Keywords: autophagy; heart; macrophage; mitochondria; phagocytosis; proteostasis.

https://pubmed.ncbi.nlm.nih.gov/32937105/

Cardiac Immunology: A New Era for Immune Cells in the Heart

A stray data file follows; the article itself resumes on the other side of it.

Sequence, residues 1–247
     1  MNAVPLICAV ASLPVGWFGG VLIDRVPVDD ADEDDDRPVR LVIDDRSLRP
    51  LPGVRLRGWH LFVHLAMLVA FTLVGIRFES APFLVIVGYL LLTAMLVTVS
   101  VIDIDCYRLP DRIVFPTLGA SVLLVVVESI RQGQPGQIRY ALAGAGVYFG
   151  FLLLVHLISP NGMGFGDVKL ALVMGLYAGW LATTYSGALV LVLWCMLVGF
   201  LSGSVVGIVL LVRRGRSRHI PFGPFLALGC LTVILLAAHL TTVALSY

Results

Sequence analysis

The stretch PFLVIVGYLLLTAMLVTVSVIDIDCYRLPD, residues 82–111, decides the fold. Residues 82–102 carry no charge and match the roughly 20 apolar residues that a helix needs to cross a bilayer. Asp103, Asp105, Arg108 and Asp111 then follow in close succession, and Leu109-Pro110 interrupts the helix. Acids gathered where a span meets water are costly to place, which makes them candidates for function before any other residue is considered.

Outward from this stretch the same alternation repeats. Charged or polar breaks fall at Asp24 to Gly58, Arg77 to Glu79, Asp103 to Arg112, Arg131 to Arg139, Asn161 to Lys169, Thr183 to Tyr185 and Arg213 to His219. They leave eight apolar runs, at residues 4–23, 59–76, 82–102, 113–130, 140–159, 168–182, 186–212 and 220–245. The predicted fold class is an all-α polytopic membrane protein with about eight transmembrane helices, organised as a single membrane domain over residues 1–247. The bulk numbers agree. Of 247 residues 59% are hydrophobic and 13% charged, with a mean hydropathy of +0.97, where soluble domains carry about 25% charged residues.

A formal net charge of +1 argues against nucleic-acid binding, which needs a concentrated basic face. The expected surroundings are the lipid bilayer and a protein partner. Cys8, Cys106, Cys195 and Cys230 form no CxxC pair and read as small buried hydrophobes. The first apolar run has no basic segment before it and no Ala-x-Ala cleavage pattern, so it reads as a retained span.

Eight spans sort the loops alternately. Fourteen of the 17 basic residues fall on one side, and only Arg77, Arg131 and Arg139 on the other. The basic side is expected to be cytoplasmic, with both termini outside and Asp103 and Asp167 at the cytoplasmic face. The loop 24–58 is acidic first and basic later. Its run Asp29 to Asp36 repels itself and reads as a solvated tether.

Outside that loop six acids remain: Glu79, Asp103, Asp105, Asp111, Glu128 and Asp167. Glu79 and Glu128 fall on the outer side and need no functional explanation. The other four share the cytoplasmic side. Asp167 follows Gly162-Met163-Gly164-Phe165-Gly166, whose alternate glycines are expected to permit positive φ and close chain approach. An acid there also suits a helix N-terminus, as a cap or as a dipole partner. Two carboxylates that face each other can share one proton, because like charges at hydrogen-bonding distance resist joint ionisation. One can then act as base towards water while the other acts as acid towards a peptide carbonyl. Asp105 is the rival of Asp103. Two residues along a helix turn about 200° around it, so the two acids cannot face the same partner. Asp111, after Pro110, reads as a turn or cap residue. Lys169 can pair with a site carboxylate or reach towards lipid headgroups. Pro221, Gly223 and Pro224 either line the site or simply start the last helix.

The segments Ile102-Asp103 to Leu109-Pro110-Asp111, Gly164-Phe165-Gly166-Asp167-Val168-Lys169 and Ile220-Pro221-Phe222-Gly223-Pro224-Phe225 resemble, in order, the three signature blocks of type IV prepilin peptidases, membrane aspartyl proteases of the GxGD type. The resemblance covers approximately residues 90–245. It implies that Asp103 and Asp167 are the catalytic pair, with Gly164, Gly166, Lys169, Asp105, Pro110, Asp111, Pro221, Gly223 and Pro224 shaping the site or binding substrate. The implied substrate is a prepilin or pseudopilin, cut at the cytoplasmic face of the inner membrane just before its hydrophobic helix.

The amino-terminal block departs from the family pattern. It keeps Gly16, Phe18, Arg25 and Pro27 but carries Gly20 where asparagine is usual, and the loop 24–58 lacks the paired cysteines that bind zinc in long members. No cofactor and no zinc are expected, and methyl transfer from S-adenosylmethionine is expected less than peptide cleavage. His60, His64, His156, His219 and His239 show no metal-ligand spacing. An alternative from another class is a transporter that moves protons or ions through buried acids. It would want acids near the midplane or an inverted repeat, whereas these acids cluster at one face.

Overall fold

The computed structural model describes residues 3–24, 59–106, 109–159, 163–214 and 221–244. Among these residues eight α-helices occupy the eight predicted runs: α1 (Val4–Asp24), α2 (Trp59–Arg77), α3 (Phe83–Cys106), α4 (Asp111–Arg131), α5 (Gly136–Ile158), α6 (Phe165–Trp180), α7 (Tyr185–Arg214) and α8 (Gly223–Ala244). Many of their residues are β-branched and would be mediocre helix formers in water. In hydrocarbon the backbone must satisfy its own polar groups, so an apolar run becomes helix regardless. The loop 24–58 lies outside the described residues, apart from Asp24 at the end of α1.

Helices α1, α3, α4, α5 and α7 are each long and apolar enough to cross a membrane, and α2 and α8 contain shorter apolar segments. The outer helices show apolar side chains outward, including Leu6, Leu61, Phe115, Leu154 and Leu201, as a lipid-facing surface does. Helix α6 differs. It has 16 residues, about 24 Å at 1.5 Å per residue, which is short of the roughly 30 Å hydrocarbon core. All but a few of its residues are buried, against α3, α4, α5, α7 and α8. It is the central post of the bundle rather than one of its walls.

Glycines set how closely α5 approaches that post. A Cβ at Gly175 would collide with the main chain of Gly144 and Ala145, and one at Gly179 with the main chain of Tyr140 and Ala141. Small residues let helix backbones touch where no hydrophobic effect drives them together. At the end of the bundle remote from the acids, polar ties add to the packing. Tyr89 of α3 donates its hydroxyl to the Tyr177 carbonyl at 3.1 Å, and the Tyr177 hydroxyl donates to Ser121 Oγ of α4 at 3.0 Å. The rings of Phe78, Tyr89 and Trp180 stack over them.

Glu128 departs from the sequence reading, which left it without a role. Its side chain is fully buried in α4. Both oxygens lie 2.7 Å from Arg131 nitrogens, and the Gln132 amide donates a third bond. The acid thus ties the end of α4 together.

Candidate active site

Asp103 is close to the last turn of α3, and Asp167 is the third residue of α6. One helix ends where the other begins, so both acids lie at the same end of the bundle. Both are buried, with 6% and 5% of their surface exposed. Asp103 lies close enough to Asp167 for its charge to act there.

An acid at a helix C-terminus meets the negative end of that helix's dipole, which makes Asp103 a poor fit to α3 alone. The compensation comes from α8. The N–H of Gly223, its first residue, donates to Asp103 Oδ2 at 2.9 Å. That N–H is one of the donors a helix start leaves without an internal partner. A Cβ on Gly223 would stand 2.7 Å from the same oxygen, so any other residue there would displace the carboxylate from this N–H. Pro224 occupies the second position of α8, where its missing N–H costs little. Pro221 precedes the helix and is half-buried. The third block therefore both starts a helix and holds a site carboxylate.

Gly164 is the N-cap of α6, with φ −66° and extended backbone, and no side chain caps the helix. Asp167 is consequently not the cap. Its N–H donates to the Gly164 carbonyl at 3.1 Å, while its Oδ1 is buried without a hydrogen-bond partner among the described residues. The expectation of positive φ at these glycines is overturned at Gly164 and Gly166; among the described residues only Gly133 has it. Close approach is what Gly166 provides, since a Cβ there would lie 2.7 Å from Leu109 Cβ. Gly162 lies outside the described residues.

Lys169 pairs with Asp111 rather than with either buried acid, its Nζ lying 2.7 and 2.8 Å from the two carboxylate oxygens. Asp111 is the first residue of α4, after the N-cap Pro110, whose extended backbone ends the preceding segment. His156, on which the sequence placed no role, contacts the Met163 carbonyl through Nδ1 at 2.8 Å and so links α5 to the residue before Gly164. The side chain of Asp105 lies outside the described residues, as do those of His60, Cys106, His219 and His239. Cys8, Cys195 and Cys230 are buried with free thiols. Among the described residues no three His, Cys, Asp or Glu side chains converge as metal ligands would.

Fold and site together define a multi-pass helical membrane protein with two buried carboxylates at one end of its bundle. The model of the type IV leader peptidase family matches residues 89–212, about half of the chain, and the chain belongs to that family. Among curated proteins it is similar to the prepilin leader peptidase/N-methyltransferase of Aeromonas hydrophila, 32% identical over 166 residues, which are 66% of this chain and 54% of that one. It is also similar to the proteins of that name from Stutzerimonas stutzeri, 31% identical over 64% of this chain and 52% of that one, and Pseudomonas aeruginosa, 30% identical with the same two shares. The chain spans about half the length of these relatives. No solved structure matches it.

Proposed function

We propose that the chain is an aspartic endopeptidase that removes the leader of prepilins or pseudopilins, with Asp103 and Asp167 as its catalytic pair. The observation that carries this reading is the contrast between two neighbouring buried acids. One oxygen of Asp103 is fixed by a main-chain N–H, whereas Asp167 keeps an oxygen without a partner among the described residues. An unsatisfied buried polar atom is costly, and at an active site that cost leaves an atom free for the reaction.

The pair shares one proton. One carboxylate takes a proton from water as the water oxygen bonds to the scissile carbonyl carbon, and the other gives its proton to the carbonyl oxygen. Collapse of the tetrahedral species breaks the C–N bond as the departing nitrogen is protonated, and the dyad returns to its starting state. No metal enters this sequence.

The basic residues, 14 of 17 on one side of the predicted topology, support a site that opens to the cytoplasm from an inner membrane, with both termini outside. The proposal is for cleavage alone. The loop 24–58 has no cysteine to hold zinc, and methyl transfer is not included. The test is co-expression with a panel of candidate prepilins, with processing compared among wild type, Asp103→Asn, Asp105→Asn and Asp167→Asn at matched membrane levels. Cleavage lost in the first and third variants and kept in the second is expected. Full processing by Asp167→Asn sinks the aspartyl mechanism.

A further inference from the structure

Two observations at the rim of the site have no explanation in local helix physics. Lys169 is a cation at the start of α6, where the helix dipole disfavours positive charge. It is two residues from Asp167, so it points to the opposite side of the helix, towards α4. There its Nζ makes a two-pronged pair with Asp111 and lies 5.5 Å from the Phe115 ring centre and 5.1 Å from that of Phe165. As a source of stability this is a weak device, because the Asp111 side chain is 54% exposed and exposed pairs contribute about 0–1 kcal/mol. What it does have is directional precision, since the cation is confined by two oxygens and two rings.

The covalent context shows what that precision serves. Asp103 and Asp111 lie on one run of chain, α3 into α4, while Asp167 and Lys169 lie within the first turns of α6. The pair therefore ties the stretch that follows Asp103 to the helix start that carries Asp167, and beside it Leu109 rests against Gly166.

The immune system is essential for the development and homeostasis of the human body. Our current understanding of the immune system on disease pathogenesis has drastically expanded over the last decade with the definition of additional non-canonical roles in various tissues. Recently, tissue-resident immune cells have become an important research topic for understanding their roles in the prevention, pathogenesis, and recovery from the diseases. Heart resident immune cells, particularly macrophage subtypes, and their characteristic morphology, distribution in the cardiac tissue, and transcriptional profile have been recently reported in the experimental animal models, unrevealing novel and unexpected roles in electrophysiological regulation of the heart both at the steady-state and diseased state. Immunological processes have been widely studied in both sterile cardiac disorders, such as myocardial infarction, autoimmune cardiac diseases, or infectious cardiac diseases, such as myocarditis, endocarditis, and acute rheumatic carditis. Following cardiac injury, innate and adaptive immunity have critical roles in pro- and anti-inflammatory processes. Heart resident immune cells not only provide defense against infectious diseases but also contribute to the homeostasis. In recent years, physiological changes and pathological processes were demonstrated to alter the abundance, distribution, polarization, and diversity of immune cells in the heart. Accumulating evidence indicates that cardiac remodeling is controlled by the complex crosstalk between cardiomyocytes and cardiac immune cells through the gap junctions, providing the ion flow to achieve synchronization and modulation of contractility. This review article aims to review the well-documented roles of both resident and recruited immune cell in the heart, as well as their recently uncovered unconventional roles in both cardiac homeostasis and cardiovascular diseases. We have mostly focused on studies on animal models used in preclinical research, underlying the need for further investigations in humans or in vitro human models. It may be foreseen that the further comprehensive investigations of cardiac immunology might harbor new therapeutic options for cardiac disorders that have tremendous medical potential.